So on behalf of your peers, we ask you—no, we implore you—to please take your sports viewing elsewhere.

The Bagel-Eater’s Dilemma

by Céline Delaunay, Moderate Annoyance Correspondent

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According to an anonymous source, a sophomore design major found herself in a bit of a pickle early Tuesday morning. As a design major, she is a very busy person and thus has little time for the fashioning of fine meals such as breakfast. She is still, however, a growing, living individual in need of sustenance, so she concluded that she must satisfy her insufferable hunger in some way. She had little time and few options, so she hastily purchased a bagel with cream cheese, but in all of the hustle, she forget to grab one of those dinky white plastic knives that are so graciously supplied for all of our mediocre cutting needs.

Catastrophically, she did not notice this until later, when she opened her styrofoam to-go container in order to rapidly consume said bagel. Enough time had elapsed that it would no longer be societally acceptable for her to merely return to the place from whence she purchased her bagel and obtain one aforementioned mediocre cutting implement. Furthermore, it would seem too much like admitting defeat, and she was a determined human who does not give up!

In order to prevent what could quickly become a rash of plastic knifelessness, readme has compiled a plethora of possible solutions to this age-old problem, and has weeded out the absurd.

One suggestion is to simply eat the two foods in sequence, as one might with dinner and dessert, say. The two are, after all, going to end up in the same place, so it should really have no impact on the user’s eating or digesting experience. Another suggestion is to survey one’s environment in order to find an object as closely resembling a knife as possible. This technique, however, has been found to be potentially unsanitary and is especially not recommended when eating one’s bagel outside. This, many have reported, may result in loss of appetite due to the dirt that tends to cling to many items found in nature. A third suggestion is to squeeze the creamy substance out of its container onto the bagel, but this often attracts the attention of many passersby and is not particularly flattering. Additionally, using this technique proves to make it horribly difficult to create an even coating across the bagel, and cream cheese plastic container collectors were dismayed that their cream cheese plastic containers were thoroughly misshapen in the squeezing process.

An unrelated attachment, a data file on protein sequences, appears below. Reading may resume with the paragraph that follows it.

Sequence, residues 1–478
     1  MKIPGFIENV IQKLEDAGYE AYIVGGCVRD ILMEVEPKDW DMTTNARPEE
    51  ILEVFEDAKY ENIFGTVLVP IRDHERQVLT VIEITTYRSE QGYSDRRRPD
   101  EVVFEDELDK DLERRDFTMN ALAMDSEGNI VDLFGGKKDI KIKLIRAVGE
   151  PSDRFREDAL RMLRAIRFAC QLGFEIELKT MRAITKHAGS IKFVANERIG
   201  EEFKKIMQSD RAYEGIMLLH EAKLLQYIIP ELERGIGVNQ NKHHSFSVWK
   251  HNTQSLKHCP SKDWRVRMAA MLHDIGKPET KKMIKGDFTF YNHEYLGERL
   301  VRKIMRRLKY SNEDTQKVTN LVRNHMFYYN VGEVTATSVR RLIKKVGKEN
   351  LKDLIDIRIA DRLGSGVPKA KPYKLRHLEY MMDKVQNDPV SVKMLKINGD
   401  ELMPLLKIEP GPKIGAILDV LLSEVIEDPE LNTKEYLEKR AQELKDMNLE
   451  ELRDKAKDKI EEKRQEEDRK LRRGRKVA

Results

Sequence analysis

Which of these techniques, you may ask, does readme recommend? We will leave that up to your discretion. Just know that we support all of your bagel-eating decisions, but we urge you to be prepared and to remember to always practice safe bagel consumption.

Talking on Elevators

by Céline Delaunay, Anti Air-Pusher Activist

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(Based on a true story. Some events have been changed to protect the innocent.)

Nobody goes anywhere at two in the afternoon on Sunday. Anyone who is planning on doing anything is either already doing it or doing it later. Thus, it is the perfect time for lone elevator rides to your apartment.

You walk to the hallway where the elevators are, content from your afternoon jog.  People were particularly people-watchy today. You press the button to call the elevator and look up above the threshold as the number nine is illuminated. You prefer for it to be on the third, because this is the perfect amount of time to prepare for the elevator’s arrival, but not too long to get bored from the waiting. Usually it is not on such a high floor, but it is okay, because it is Sunday at two o’clock in the afternoon and you make allowances for these kinds of things.

Then there is a sound. Talking. Two people talking. Two talking people have entered your building and they are opening and closing their mouths and pushing their air out of them at two o’clock in the afternoon on Sunday. You look at the numbers over the elevator threshold in disdain, reconsidering the allowances you had previously made. The three illuminates, as though mocking you. You stick your tongue out back at it. The air-pushers are searching for their key to make their way into the elevator room. The two illuminates. You assume the best stance to most efficiently enter the elevator once it arrives. The one illuminates. The door opens gradually. You dart in as soon as the gap is large enough to fit your frame.

You begin furiously pressing the ‘door close’ button, but the elevator gods are closely related to the crosswalk gods and their unforgiving nature is genetic. The excited banter grows in volume, so you assume an aloof pose as the deafening duo make their way into the metal box with you—one that says, “yes, this is exactly what I wanted.” One presses the button for the fourth floor. The other presses for the fifth. They talk uproariously, each word echoing off of the silver walls.  By the time you reach the fourth floor there is such a din, it’s as though the piano man has left his foot on the sustain pedal by accident. There is a ding and the noise cascades out through the open door as one regretfully gets off. The second one looks at you with an apologetic smile. “I always feel silly when someone gets off at the fourth floor and I get off on the fifth,” she says.

You look at the reflection of her intentionally messy bun in the door behind her. “Don’t worry about it,” you smile back.